The myths of modernity

This book offers a critical survey of religious change and its causes in eighteenth-century Europe, and constitutes a challenge to the accepted views in traditional Enlightenment studies. Focusing on Enlightenment Italy, France and England, it illustrates how the canonical view of eighteenth-century religious change has in reality been constructed upon scant evidence and assumption, in particular the idea that the thought of the enlightened led to modernity. For, despite a lack of evidence, one of the fundamental assumptions of Enlightenment studies has been the assertion that there was a vibrant Deist movement which formed the “intellectual solvent” of the eighteenth century. The central claim of this book is that the immense ideological appeal of the traditional birth-of-modernity myth has meant that the actual lack of Deists has been glossed over, and a quite misleading historical view has become entrenched.

The myth of Enlightenment deism 1 The myth of Enlightenment deism The myth of the deist movement The first hint of deism in the historical record is to be found in sixteenth-century Lyon. In 1563 Pierre Viret, a close colleague of the Protestant reformer Calvin, wrote the Instruction Chrétienne, in which he described various freethinkers who needed to be combated. Amongst them Viret mentioned those ‘qui s’appelent déistes, d’un mot tout nouveau’ (‘who call themselves deists, a completely new word’) and his description of them heavily emphasized their lack of

in The Enlightenment and religion
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The Enlightenment and modernity

The Enlightenment and modernity INTRODUCTION The Enlightenment and modernity The rationale of this book In historical studies and indeed most fields of the humanities, the terms modernity and Enlightenment are so frequently linked that either term almost automatically evokes the other. It has become an accepted commonplace, part of the historical canon, that modernity began in the Enlightenment. This begs the obvious but yet problematic question: what was the general character of the intellectual phenomenon we term the Enlightenment? Since the end of the 1960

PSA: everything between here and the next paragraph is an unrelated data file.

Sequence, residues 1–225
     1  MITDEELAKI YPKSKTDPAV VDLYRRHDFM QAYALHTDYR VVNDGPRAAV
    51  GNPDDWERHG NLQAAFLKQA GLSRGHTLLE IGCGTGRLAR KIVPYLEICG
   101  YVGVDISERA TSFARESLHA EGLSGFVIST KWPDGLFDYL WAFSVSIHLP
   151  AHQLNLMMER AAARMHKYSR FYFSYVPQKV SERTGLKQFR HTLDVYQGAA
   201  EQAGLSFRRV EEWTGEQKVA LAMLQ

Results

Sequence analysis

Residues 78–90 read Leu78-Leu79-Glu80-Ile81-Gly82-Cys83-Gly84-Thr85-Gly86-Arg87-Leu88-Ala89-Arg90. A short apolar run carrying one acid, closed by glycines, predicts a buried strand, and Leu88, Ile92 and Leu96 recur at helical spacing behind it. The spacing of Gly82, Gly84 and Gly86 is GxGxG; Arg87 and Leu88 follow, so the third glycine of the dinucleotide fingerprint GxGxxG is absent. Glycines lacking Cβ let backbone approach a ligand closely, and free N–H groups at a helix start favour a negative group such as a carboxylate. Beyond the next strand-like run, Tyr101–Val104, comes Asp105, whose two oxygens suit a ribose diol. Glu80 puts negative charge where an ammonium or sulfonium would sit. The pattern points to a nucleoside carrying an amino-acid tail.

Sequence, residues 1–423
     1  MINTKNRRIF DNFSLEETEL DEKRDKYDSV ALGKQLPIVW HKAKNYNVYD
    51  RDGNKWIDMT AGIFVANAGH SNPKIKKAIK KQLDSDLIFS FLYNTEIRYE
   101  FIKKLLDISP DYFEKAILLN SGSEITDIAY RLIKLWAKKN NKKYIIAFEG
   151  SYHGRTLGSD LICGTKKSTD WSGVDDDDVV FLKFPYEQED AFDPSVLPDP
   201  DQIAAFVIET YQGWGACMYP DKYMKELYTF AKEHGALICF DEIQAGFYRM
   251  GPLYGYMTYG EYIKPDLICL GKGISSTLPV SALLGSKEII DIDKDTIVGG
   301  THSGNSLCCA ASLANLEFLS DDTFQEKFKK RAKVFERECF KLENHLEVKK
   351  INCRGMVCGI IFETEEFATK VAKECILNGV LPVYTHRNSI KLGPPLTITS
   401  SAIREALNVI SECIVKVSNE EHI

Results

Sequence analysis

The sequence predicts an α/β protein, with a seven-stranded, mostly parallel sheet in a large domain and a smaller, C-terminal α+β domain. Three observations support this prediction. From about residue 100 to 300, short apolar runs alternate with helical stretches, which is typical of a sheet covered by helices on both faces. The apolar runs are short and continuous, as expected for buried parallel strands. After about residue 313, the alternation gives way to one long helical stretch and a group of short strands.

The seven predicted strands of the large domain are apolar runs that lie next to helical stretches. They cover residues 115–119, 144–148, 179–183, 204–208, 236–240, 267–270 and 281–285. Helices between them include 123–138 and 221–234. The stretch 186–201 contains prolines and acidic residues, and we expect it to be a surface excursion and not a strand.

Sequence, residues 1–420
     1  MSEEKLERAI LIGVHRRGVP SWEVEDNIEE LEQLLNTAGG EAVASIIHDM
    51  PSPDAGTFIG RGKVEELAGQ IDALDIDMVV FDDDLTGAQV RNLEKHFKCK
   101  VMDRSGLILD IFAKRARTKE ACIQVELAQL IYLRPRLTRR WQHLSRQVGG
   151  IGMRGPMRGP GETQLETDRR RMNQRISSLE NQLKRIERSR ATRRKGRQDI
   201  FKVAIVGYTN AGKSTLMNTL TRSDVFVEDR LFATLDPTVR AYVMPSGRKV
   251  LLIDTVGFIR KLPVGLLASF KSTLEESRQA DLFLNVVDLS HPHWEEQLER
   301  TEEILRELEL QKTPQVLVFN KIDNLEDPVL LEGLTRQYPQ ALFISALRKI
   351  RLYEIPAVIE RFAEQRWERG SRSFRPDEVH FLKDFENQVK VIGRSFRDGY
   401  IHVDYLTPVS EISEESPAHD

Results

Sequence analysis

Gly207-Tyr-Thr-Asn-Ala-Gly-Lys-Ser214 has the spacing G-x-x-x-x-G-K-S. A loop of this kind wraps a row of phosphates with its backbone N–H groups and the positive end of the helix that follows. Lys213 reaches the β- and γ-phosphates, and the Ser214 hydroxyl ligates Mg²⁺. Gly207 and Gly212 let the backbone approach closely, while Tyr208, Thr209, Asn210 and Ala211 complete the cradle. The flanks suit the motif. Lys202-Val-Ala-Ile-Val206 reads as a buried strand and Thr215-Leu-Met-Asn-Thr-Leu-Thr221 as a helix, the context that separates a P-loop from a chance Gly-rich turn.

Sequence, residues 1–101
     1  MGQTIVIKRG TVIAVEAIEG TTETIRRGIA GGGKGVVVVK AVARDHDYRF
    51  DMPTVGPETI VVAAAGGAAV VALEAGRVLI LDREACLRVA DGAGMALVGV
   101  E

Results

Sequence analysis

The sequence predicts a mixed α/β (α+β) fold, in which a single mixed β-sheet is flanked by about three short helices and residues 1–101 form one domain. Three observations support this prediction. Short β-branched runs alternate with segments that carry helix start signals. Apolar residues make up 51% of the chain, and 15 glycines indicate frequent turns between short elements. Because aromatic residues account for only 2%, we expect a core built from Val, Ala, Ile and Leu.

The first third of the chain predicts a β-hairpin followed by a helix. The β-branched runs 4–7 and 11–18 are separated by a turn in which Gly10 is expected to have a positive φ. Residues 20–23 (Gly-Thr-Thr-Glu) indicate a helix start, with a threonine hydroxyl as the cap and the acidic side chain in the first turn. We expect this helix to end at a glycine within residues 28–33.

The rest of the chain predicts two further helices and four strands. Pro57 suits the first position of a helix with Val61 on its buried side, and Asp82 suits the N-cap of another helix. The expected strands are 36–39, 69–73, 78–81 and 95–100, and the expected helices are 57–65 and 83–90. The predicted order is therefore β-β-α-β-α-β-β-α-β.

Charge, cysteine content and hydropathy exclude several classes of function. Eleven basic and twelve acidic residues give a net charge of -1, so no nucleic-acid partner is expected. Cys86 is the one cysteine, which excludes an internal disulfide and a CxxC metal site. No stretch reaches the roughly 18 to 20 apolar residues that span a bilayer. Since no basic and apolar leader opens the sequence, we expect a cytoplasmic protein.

in The Enlightenment and religion

The ‘public sphere’ and the hidden life of ideas 6 The ‘public sphere’ and the hidden life of ideas The hidden life of ideas The Enlightenment has been seen as the intellectual honey pot from which the origins of the modern world were to be sought. As Dorinda Outram has noted in her The Enlightenment (1995), philosophers and political commentators have interpreted the Enlightenment in ‘the hope of defining the meaning and future of the modern world. The Enlightenment is probably unique … in its attracting such interest and in the extent to which such

in The Enlightenment and religion
Jewish emancipation and the Jewish question

1 Struggles within Enlightenment: Jewish emancipation and the Jewish question The principle of modern states has enormous strength and depth because it allows the principle of subjectivity to attain fulfilment in the self-sufficient extreme of personal particularity while at the same time bringing it back to substantial unity and so preserving this unity in the principle of subjectivity itself